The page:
Portuguese students at the Macau Polytechnic Institute increased 66.7%

The number of Portuguese students at the Polytechnic Institute of Macao (IPM) grew 66.7% in three years, an increase that still can not respond to demand, according to Lusa figures.

“We can see this trend”, the new director of the School of Languages ​​and Translation (ESLT) of the IPM, Han Lili, pointing to the need for more “Portuguese language courses that enable the deepening of knowledge of the language and of the culture of Portuguese speaking countries “.

According to the data available, in the academic year 2016/2017 about 300 students were learning Portuguese in that institute.

In 2017/2018 the number has risen to 350 due to “the start of the new Portuguese Degree Course and a further degree in Chinese-Portuguese translation,” she said. In this school year, Portuguese students are already around 500.

Han Lili, who took up the new duties on August 16, explained that one of the main reasons for the growth in the number of Portuguese students in this school year has to do with “the start of the new degree course in Chinese language teaching as foreign language”.

According to the website of the IPM, this course aims, among other things, to “enable professionals who master Chinese, Portuguese, English and Mandarin / Cantonese”

The number of available vacancies per year for Portuguese courses increased by 50% over the last two years, compared to the 2016/2017 school year. This year there were 150 places for 800 applications.

“In order to meet the growing demand for qualified bilingual (Chinese-Portuguese) talents by the market, IPM has made available a diversified offer of courses associated with learning Portuguese,” said the ESLT director.

Han Lili also said that new courses have been created, “namely the course of China-Lusophone business relations, undergraduate course in Chinese language teaching as a foreign language and the Portuguese course.”

“The centennial course of Chinese / Portuguese translation of the IPM continues to be the course with more applications,” he said.

This school “is a family of true cultural coexistence, with teachers and students of different cultural and linguistic backgrounds,” he said.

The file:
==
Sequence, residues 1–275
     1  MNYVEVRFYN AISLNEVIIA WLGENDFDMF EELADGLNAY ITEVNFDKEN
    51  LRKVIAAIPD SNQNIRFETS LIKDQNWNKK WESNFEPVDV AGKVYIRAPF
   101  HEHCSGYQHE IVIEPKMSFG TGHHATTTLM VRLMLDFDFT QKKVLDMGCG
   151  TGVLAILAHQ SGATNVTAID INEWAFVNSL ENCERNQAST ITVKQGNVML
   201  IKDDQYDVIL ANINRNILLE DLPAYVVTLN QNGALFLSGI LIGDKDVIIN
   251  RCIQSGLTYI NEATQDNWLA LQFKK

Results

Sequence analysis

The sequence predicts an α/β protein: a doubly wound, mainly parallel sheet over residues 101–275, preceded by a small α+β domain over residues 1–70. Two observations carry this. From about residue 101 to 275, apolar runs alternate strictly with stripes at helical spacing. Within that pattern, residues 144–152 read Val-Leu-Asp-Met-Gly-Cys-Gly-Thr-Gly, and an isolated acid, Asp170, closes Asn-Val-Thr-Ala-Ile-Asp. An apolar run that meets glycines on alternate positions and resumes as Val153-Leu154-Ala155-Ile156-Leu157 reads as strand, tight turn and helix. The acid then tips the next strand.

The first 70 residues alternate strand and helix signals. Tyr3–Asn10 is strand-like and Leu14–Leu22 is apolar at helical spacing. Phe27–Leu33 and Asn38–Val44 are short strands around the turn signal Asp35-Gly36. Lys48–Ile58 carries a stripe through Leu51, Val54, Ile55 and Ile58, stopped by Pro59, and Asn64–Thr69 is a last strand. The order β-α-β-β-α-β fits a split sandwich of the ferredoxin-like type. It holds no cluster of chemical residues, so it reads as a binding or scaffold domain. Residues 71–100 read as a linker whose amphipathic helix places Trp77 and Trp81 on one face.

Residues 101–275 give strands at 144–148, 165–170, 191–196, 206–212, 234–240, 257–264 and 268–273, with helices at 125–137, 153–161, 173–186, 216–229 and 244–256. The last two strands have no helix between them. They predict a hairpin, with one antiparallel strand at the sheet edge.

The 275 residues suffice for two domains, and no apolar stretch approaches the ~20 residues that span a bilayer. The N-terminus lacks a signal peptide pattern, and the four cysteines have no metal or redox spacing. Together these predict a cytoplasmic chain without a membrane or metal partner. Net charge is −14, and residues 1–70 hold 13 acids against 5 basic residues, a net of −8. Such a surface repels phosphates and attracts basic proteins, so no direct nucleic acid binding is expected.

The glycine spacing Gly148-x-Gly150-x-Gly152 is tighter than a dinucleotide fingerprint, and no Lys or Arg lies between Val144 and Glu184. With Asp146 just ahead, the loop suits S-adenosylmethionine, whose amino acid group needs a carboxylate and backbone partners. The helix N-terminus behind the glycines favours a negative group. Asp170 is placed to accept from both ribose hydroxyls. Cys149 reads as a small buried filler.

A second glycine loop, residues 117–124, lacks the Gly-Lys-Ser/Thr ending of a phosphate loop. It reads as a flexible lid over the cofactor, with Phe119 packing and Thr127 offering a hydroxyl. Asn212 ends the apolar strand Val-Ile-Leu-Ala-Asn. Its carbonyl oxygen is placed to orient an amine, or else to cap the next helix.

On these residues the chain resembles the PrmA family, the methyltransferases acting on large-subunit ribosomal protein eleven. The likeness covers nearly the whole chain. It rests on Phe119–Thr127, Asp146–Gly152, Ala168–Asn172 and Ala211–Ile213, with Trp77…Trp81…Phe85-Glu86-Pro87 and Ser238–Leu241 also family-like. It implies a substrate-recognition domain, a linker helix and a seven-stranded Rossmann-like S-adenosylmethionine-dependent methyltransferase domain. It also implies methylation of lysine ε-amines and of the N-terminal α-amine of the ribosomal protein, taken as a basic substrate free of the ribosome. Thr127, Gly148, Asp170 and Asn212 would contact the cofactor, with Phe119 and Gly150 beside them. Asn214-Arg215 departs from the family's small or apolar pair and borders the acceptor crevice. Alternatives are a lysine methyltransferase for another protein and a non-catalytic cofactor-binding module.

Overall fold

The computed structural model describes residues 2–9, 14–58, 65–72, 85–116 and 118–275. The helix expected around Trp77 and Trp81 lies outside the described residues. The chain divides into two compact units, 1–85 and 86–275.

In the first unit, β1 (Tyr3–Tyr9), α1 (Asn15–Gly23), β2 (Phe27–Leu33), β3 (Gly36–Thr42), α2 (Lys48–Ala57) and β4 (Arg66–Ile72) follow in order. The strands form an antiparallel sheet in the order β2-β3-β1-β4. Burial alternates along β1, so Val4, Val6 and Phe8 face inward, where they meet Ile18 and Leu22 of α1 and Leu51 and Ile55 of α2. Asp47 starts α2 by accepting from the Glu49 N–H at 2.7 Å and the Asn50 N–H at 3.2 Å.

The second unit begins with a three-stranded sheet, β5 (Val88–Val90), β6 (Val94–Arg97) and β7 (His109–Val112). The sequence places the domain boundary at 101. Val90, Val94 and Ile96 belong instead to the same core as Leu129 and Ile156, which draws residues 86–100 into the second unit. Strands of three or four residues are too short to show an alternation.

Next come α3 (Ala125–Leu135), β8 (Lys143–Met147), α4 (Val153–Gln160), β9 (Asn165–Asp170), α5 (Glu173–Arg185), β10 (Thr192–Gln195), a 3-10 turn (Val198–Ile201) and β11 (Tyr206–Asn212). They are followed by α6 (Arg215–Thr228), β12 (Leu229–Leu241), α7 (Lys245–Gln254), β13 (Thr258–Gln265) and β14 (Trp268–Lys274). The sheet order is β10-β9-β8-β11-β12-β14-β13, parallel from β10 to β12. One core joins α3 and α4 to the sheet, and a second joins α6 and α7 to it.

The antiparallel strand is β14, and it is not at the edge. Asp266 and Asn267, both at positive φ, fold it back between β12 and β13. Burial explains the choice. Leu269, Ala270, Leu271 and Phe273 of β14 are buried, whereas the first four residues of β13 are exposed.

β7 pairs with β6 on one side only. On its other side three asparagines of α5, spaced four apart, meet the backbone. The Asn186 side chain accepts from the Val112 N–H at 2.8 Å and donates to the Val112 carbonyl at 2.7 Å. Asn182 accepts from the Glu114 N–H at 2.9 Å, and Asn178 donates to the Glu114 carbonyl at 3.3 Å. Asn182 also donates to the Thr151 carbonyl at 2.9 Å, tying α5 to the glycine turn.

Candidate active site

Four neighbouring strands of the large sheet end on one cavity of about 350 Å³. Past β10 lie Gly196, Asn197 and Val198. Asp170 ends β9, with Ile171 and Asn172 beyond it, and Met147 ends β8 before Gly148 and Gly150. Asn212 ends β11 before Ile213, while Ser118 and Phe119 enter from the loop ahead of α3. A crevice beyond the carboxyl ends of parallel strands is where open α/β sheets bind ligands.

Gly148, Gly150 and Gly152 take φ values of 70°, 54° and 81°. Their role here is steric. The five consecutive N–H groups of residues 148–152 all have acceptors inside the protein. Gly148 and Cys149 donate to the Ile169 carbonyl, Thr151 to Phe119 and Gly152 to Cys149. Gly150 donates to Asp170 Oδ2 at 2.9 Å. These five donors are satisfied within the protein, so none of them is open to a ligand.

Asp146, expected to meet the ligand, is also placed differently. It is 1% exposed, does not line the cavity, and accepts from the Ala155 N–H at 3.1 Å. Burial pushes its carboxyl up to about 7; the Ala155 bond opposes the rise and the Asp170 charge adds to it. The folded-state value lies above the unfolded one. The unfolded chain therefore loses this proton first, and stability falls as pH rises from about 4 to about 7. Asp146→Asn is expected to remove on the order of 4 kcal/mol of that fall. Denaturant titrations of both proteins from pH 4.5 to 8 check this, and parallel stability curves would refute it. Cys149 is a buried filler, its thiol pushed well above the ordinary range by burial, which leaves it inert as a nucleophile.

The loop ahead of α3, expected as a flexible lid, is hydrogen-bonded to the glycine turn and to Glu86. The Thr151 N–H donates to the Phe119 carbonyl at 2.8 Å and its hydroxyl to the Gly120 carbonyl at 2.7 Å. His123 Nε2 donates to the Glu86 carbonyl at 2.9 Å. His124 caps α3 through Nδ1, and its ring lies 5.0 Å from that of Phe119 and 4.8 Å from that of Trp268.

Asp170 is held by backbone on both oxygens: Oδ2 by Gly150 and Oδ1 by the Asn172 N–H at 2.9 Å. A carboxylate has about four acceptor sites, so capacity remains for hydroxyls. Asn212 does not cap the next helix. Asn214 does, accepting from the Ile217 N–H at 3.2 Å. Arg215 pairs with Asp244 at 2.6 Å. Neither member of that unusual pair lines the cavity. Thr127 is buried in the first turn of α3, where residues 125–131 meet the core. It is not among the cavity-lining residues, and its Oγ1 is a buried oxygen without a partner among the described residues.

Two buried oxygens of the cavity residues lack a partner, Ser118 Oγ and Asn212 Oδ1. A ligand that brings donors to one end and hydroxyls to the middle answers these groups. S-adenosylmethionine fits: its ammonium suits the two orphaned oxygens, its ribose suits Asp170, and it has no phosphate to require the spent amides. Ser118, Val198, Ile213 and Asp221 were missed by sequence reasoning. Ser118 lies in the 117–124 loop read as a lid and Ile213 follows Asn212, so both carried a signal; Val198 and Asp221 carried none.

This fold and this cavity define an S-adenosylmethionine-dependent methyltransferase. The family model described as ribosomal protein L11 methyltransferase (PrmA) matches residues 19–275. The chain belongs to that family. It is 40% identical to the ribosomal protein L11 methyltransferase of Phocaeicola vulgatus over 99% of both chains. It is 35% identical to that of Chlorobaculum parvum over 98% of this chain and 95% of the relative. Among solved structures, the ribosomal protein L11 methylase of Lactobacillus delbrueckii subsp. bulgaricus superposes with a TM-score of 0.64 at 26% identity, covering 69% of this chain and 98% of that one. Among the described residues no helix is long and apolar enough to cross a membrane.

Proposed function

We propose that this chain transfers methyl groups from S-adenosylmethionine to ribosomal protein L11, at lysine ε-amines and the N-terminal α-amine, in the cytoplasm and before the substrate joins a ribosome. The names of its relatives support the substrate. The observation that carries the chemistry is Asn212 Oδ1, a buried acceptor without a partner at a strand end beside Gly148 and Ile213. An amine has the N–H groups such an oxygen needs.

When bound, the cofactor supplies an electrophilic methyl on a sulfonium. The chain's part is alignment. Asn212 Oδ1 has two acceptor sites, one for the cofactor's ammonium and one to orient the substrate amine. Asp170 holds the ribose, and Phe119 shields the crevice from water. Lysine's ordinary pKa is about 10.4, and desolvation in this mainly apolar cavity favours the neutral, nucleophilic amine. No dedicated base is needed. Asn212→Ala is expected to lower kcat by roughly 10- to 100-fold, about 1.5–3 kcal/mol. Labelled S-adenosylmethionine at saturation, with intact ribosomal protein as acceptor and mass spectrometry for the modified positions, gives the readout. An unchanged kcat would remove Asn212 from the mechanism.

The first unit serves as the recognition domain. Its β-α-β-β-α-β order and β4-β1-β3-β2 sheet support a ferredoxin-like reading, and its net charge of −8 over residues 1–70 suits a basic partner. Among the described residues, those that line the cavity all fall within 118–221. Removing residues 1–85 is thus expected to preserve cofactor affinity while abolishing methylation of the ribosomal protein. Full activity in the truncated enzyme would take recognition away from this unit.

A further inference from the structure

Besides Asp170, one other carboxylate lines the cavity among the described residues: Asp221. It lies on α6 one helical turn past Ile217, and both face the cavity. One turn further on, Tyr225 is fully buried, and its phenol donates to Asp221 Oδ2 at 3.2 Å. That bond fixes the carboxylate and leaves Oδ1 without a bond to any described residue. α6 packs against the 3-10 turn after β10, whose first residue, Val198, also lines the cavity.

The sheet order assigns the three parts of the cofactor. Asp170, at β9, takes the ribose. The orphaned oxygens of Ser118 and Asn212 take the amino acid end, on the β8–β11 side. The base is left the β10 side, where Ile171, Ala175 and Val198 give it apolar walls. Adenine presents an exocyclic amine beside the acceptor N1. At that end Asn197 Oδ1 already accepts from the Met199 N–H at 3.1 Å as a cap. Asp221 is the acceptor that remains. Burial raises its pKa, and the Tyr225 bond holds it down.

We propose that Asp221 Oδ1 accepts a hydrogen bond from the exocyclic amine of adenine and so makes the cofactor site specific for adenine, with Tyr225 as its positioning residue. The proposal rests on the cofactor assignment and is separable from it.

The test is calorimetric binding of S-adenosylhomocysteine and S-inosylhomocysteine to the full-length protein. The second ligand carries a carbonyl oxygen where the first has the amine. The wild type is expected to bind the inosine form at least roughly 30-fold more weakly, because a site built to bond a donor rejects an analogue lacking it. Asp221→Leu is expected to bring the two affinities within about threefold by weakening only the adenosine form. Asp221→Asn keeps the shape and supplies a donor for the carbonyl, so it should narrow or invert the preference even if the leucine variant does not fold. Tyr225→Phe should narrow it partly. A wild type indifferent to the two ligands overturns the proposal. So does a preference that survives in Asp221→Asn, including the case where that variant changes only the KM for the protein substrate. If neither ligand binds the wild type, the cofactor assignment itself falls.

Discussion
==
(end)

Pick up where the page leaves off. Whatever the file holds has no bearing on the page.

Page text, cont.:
Students from Portuguese-speaking countries who are learning Chinese at IPM have also seen exponential growth: it has increased about three times in so many years.

“From the 2016/2017 school year we began recruiting students from the Portuguese-speaking countries of Cape Verde, Angola, Mozambique, Portugal and Brazil, who come to study Chinese,” she explained.

In 2016/2017 there were 23 Portuguese-speaking students studying Chinese. In the school year that began in September this year this number increased to 70.

“We currently have three classrooms. A study year is planned in Beijing to improve their Chinese proficiency,” he said.

The number of Lusophone Chinese learners attending the ESLT annually increases by 25 students, a class of the Chinese-Portuguese translation course of the Polytechnic Institute of Leiria (IPL).

“These are mobility students who come mainly to improve Chinese and translation and interpretation skills,” explained Han Lili.

The director of the School of Education and Social Sciences (ESECS) of the Polytechnic Institute of Leiria, Sandrina Milhano, emphasized the importance of this “absolutely unique opportunity” for IPL students, who during “two years have contact with the language and Chinese culture, “an added value to” understand not only translation but also interpretation. ”

“Students spend two years in Portugal and two years in China,” one in Macau at IPM and another at the University of Language and Culture in Beijing, said Sandrina Milhano, adding that these partnerships involve reciprocity. About 35 IPM students are studying this year at the IPL.

The partnership does not extend only to the students, there are also exchange of teachers who will teach to the different institutes. “There is the sending of teachers from Macau to Leiria and from Leira to Macau and also from Beijing,” he said.

Sandrina Milhano added that there is “a set of established protocols that go back some 13 years”, between IPL and IPM, such as the publication of articles and textbooks together.

Han Lili also defended the development of “manuals intended for foreign students to learn Chinese as well as manuals for translation and interpretation” as one of their main stakes.

Finally, Sandrina Milhano pointed out that the demand for the translation course in the IPL has increased. This year about 116 people tried to enter the course, in phase 1, but only 25 succeeded.

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